The mental health of children in the camps of northern Syria

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The past ten years have had a painful impact on children in Syria, one whose scars will continue to accompany them for many years. The war and its scourge, killing, displacement and the sounds of war weapons left in their souls wounds that are difficult to heal, and pains that destroyed their mental health.


What is the risk of poor mental health in children?

Children often suffer in crises and wars from psychological problems that change their behavior and increase the difficulties of life for them. Mental health of children is no less important than physical health, as psychological disorders cause many problems for the child, including problems in his mood, behavior and thinking.


The child may suffer from a range of disorders after his poor mental health, including “depression” and feeling sad, in addition to “anxiety and attention deficit” and many disorders that may appear on children, including mental disorders that affect his learning, eating disorders, autism spectrum and urinary incontinence.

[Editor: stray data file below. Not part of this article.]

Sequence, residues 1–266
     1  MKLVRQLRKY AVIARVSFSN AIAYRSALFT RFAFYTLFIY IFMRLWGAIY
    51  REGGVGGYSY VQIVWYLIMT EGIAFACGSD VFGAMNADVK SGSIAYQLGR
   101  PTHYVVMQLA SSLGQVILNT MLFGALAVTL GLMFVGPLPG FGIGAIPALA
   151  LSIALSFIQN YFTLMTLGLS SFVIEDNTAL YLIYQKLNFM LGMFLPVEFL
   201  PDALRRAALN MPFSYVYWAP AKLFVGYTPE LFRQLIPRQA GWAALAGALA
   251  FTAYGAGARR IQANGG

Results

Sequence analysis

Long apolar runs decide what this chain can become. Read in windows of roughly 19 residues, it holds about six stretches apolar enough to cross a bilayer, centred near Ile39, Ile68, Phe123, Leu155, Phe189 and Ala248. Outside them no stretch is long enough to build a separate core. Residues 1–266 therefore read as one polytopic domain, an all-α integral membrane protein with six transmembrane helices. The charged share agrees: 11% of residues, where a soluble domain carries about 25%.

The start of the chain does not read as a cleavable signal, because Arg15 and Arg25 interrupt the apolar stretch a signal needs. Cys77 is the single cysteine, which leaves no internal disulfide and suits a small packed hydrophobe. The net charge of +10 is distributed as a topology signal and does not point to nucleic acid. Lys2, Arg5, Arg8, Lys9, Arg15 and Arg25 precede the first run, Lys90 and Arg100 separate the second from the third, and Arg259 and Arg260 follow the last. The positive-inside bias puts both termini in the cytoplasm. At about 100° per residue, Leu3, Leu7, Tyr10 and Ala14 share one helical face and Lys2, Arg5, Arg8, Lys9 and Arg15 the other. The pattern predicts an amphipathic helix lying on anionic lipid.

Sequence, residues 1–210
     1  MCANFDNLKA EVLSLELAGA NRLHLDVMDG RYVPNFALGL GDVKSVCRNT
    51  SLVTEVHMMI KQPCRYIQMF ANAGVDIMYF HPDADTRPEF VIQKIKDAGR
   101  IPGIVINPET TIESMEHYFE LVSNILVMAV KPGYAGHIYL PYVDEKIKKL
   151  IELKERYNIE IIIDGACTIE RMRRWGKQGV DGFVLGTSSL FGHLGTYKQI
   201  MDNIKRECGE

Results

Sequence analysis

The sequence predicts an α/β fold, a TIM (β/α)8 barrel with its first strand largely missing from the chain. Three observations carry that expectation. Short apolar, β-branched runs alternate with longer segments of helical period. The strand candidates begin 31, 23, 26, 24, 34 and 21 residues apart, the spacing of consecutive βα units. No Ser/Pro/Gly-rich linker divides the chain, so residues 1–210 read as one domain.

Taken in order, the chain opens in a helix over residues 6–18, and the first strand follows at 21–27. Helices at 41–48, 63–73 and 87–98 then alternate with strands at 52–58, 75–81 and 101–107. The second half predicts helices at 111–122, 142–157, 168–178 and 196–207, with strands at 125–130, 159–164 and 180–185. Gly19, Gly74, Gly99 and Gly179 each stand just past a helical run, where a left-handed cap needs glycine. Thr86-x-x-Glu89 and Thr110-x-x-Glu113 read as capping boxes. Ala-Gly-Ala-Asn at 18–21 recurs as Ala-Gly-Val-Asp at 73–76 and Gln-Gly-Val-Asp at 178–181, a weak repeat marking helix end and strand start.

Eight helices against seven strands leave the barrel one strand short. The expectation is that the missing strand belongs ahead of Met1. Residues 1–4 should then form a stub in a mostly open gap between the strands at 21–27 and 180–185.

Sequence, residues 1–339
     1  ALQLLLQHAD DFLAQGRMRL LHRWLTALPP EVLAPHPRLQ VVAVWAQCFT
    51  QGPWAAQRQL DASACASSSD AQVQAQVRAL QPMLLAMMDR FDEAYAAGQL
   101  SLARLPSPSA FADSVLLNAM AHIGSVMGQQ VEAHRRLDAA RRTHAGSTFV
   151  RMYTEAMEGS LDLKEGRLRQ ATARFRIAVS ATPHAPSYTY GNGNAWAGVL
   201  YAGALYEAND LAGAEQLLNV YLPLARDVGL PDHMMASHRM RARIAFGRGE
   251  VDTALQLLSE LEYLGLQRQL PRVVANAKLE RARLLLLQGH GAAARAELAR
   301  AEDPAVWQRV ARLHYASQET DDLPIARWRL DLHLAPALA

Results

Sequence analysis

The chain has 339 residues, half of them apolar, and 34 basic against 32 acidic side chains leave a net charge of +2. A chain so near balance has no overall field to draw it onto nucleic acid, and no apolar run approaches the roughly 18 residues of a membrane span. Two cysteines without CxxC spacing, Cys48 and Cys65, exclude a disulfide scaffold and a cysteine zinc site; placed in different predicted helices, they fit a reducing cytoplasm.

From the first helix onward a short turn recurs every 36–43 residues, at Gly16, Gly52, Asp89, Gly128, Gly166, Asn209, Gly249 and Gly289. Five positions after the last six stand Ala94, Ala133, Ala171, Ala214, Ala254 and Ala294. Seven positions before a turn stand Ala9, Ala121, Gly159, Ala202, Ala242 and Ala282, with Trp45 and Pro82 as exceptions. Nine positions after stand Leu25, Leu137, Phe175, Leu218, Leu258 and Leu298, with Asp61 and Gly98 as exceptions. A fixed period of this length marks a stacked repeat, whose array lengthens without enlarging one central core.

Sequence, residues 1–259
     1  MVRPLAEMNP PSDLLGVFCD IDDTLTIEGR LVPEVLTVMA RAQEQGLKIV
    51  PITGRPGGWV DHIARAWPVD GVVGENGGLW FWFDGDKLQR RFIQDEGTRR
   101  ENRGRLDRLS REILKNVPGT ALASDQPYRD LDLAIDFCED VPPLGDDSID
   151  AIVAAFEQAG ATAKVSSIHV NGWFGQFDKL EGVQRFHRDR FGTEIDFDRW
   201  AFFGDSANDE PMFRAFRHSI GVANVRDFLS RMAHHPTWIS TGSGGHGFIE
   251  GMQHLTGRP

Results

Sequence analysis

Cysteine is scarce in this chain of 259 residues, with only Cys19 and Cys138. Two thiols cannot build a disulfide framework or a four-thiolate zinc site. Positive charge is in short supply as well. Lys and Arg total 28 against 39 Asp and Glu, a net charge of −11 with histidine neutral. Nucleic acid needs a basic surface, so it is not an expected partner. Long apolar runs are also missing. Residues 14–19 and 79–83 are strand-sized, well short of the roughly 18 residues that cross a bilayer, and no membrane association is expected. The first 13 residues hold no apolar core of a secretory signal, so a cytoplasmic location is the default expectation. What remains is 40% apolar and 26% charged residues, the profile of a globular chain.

These disorders are considered dangerous for some age groups, such as teens and young adults, as they push them to some dangerous behaviors such as drug abuse, self-harm and suicidal ideation, in addition to lack of sleep, aggression, refusal to learn, lying and sudden change in sleep and eating patterns.


What are the factors that negatively affect the mental health of children?

Many factors can negatively affect the mental health of children, and contribute to the emergence of psychological disorder for them, and the most prominent of these factors are family problems, family breakdown, problems in the relationship with family or friends, or the child's exposure to bullying.


In addition to these factors, poverty, poor material conditions, and feelings of insecurity such as fear resulting from wars, illness or physical disability, mistreatment and moving to live from one place to another, life changes or challenges, and the death or loss of loved ones.


Syrian children are vulnerable to psychological crises and the dangers of war

Children are considered among the most vulnerable groups in society. In Syria, tens of thousands of children were exposed to the dangers and effects of war. During the period between March 2011 and 2021, 29,618 children were killed in Syria, according to the Syrian Network for Human Rights, while they were killed due to torture. 181 children, and there are still 4,931 children forcibly disappeared at the hands of the parties to the conflict.


UNICEF said in March 2021 that 90% of children in Syria need support, as the Corona pandemic, violence and the economic crisis are pushing families into the abyss, adding that more than half a million children under five years of age in Syria suffer from stunting as a result of malnutrition, And that about 2.45 million children in Syria do not go to school, while the number of children who showed symptoms of psychological and social distress doubled in 2020 after being exposed to violence, intense fear and trauma.